- Knowledge and attitudes of oncology nurses regarding pharmacogenomic testing. [Journal Article]
- Clin J Oncol Nurs 2014 Aug 1; 18(4):E64-70.
More than 20 different pharmacogenomic tests are being used in the oncology field. The current descriptive study was conducted with 368 oncology nurses in North Carolina to identify and test key elements of Rogers' Diffusion of Innovation Theory that play a role in the adoption of pharmacogenomic testing. Oncology nurses who participated in this study had limited knowledge of genomics and pharmacogenomic testing. Attitudes toward pharmacogenomic testing were positive overall, and the study revealed that oncology nurses in this study routinely use pharmacogenomic testing information. Variable selection methods revealed that total genomic knowledge was more accurately predicted by prior experience and personality variables, pharmacogenomic knowledge was more accurately predicted by personality variables, and attitude was more accurately predicted by prior experience and perceived need of innovation. Based on these findings, several factors play key roles in the diffusion of pharmacogenomic testing within the oncology nursing field. Therefore, assessment of these variables may benefit the widespread adoption of pharmacogenomic testing. Further research should be conducted with these variables to assess the adoption of the innovation.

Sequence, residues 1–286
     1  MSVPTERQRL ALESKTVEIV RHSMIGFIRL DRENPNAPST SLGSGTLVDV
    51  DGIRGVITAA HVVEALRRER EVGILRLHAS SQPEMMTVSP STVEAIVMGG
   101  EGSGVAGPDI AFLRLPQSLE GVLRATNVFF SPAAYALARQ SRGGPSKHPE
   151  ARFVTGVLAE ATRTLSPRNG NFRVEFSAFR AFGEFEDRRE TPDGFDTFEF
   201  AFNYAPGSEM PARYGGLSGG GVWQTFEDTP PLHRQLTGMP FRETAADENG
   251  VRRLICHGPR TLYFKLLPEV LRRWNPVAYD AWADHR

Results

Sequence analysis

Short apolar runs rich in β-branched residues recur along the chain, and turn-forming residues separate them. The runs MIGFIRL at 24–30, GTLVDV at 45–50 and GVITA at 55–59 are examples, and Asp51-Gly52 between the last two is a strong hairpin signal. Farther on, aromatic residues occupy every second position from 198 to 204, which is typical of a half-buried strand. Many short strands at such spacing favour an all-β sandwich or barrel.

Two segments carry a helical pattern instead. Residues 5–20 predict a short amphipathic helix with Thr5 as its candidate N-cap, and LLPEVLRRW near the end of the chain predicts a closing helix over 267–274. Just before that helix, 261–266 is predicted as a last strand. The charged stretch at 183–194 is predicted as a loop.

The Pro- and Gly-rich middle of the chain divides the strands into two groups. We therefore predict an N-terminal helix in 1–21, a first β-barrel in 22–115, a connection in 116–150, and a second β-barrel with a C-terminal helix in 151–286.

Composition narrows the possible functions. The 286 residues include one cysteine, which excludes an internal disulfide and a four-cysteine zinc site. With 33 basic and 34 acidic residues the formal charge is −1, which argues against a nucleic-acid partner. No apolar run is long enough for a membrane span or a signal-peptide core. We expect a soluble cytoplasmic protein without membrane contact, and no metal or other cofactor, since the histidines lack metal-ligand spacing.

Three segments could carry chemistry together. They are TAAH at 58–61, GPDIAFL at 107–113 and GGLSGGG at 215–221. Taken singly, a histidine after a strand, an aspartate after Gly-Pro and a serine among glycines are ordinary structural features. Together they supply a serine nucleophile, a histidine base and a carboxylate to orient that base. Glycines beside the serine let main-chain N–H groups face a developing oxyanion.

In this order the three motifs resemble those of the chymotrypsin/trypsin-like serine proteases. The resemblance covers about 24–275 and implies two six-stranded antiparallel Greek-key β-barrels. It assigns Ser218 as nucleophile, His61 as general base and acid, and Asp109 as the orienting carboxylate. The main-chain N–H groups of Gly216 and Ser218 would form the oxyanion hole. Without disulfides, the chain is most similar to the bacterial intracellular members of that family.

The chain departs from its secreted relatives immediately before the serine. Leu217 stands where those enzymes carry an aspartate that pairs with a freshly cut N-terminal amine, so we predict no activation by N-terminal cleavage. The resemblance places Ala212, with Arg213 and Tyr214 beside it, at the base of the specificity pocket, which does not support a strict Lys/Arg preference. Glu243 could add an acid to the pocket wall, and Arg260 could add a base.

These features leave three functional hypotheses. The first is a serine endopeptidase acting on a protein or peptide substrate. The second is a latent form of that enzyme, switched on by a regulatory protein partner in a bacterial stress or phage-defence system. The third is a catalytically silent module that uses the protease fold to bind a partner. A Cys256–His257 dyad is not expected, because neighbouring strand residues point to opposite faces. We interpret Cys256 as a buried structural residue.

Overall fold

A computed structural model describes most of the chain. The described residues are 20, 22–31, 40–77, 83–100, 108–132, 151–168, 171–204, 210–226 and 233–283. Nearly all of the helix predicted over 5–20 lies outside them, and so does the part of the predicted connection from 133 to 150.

- Patient appreciation day in radiation oncology. [Journal Article]
- Clin J Oncol Nurs 2014 Aug 1; 18(4):473-4.
Patients undergoing radiation therapy struggle with many physical and emotional stressors. Many ways to help patients cope with stressors and improve the treatment experience are found in the literature, including humor, art, entertainment, and hospitality. At H. Lee Moffitt Cancer Center, the radiation therapy nurses and staff members use entertainment in an annual patient appreciation day event as one way to give back to the patients.
- Flexible sigmoidoscopy versus fecal occult blood testing for colorectal cancer screening in asymptomatic individuals. [Journal Article]
- Clin J Oncol Nurs 2014 Aug 1; 18(4):471-2.
To assess the effectiveness of colorectal cancer screening using flexible sigmoidoscopy compared to fecal occult blood testing.